By PHUWIT LIMVIPHUWAT
On Tuesday, UK lawmakers rejected May’s Brexit agreement proposal by 391 to 242 votes in the House of Commons. On Wednesday, the no-deal Brexit option – a scenario in which the UK would leave the EU without any agreement in place – was also rejected by the Commons. The UK is due to leave the EU on March 29.
UK lawmakers were voting last night on whether to request a Brexit date extension.
“Research has shown that Brexit is the UK and the European Union’s problem,” said Paiboon Nalinthrangkurn, chairman of the Federation of Thai Capital Market Organisations (Fetco).
He argued that in the worst-case scenario where the UK leaves the EU with no-deal, the Thai economy may only take a 0.1- to 0.2-per-cent hit to its Gross Domestic Product (GDP), while the UK would go into a recession in 2020, with a GDP growth contraction of 0.6 per cent, from an original forecast of 2-per-cent growth.
The Commerce Ministry’s Department of Trade Negotiations (DTN) views the economic impacts of Brexit on the Thai economy as being unclear.
“The impacts of recent developments concerning Brexit are still unclear. However, Brexit will mostly impact the UK’s economy,” said Auramon Supthaweethum, DTN director-general.
The UK had been preparing its customs [department] to cope with Brexit for some time, and predicted that Thai trade was unlikely to be disrupted by the event, she said.
“For example, they are prepared to establish and manage their own trade customs with their own customs officers,” she explained.
However, the prospect of the UK leaving the EU may complicate the free trade agreement (FTA) negotiations between Thailand and the EU.
Thailand is expecting to continue its Thai-EU FTA negotiations in the second half of this year after it was halted four years ago, Auramon said.
“After the Thai election in March and the European Parliament election in May, the Thai-EU FTA negotiations will likely be back on the table,” she said.
“Brexit will not affect the Thai-EU FTA negotiations,” she assured, explaining that Thailand would continue to negotiate with the EU bloc without the UK if it decided to leave the EU.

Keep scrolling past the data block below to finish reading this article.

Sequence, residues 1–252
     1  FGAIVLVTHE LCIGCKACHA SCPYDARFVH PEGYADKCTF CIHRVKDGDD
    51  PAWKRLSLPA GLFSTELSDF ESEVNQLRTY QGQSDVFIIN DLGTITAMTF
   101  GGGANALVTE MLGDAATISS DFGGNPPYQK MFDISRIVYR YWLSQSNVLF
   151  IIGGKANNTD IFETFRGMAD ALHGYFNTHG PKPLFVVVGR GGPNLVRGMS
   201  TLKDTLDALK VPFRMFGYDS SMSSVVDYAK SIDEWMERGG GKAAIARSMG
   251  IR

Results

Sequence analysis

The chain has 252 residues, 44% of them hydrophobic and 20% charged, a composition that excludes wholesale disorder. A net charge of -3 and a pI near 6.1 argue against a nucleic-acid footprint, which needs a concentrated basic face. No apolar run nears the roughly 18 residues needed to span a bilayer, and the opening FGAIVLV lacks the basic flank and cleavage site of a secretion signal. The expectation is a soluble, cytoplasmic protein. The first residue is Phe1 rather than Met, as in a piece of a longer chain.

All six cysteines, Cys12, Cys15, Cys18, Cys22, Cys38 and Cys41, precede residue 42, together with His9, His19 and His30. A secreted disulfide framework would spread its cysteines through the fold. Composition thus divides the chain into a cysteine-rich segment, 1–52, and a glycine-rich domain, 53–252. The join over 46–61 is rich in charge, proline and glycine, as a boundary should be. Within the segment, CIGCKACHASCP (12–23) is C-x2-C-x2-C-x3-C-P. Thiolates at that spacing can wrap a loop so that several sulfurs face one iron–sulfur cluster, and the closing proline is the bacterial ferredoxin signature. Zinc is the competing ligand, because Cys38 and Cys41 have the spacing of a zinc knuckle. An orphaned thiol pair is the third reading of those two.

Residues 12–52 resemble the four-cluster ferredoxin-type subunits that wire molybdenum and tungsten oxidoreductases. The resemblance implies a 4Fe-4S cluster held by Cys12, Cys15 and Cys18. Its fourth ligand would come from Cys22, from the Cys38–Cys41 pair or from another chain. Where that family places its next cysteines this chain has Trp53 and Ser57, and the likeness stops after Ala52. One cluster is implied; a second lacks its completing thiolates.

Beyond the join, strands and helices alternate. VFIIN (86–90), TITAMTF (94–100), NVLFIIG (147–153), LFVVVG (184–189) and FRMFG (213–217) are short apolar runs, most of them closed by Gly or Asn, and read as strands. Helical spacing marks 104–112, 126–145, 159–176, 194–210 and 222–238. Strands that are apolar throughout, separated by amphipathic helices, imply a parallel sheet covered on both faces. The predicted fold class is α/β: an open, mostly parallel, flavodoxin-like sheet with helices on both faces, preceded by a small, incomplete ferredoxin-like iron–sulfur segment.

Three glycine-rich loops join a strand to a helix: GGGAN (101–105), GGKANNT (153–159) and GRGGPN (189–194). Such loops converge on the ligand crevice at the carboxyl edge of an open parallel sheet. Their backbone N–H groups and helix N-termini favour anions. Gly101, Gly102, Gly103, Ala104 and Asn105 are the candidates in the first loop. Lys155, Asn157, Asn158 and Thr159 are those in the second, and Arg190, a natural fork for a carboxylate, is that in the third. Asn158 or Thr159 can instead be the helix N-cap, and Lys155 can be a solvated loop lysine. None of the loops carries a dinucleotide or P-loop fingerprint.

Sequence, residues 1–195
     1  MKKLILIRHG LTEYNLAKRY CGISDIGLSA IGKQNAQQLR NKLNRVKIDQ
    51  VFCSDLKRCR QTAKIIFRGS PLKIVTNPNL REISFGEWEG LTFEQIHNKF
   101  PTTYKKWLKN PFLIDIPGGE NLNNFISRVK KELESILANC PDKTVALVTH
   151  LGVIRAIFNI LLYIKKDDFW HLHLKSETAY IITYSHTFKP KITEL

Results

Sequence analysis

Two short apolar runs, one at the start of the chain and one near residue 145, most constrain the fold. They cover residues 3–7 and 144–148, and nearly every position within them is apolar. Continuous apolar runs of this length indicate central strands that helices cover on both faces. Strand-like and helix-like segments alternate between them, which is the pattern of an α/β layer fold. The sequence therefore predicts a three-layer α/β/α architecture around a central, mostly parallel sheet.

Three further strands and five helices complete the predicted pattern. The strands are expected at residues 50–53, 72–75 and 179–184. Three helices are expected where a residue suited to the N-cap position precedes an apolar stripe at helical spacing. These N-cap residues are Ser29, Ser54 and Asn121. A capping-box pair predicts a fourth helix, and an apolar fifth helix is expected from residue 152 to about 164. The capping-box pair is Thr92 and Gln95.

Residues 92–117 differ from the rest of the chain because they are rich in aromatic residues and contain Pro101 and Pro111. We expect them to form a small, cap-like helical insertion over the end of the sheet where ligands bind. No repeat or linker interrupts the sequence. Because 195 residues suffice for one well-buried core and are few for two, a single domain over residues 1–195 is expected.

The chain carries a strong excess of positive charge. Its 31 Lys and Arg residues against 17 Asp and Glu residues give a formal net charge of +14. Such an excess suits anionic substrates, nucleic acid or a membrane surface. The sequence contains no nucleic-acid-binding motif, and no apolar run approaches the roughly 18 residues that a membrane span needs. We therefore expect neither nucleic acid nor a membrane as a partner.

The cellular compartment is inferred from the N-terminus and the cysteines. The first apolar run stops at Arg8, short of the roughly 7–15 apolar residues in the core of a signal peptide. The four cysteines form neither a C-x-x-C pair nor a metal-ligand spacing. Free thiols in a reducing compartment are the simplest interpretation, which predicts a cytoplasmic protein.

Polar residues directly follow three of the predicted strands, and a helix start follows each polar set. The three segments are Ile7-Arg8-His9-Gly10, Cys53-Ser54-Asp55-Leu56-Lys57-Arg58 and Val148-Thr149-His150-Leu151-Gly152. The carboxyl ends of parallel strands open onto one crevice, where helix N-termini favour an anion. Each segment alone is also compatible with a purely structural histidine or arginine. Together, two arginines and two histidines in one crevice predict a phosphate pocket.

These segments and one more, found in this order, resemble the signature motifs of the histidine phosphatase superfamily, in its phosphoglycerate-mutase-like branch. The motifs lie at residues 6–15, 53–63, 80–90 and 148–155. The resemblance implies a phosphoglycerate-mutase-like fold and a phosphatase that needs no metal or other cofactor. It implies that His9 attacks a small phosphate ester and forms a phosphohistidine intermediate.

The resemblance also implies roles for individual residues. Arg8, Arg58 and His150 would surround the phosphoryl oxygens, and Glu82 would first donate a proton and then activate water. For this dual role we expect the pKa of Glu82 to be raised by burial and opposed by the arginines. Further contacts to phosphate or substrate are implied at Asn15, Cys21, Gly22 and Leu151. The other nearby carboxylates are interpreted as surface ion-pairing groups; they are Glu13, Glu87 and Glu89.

“However, given that the UK is currently Thailand’s second largest trading partner in the EU, Thailand will also be seeking to establish an FTA with the UK after Brexit,” said Auramon.
Representatives from Thailand’s private sector have voiced their demand for an improvement in the ease of trade between the Kingdom and the EU, as well as with the UK, she added.
In 2018, Thailand’s trade with the UK was valued at Bt226 billion, with Thai exports accounting for up to Bt130 billion, according to the Thai Customs Department.
Meanwhile, one possible impact of Brexit on Thai trade is on the country-specific quota tax on Thai exports to the EU, according to the director-general.
Currently, Thai exports such as rice and cassava would be taxed at a higher rate if the quantity exported to the EU exceeded the set quota.
“When the UK leaves the EU, there may a need to make amendments to the quota of goods, as the UK will also need to establish their own separate quota on Thai exports,” she explained.
Auramon said Thailand would negotiate a new post-Brexit quota with both the UK and the EU and she guaranteed that it would not be any lower than the current EU quota, which includes the UK.
Hiroki Matsumata, president of the Japan External Trade Organisation Bangkok (Jetro Bangkok) and Asean’s chief representative, said: “The direct impacts of Brexit on the Thai economy are going to be limited. However, it is still too soon to say what the positive and negative indirect impacts of the historic break-up are going to be.
“For Japanese firms in Thailand, both Brexit and the US-China trade war represent the rise of protectionist trends around the world. However, Japanese firms believe Thailand and other Asean members champion free trade and that after Brexit, Thailand will continue to push for more free trade with the EU and the UK,” he said.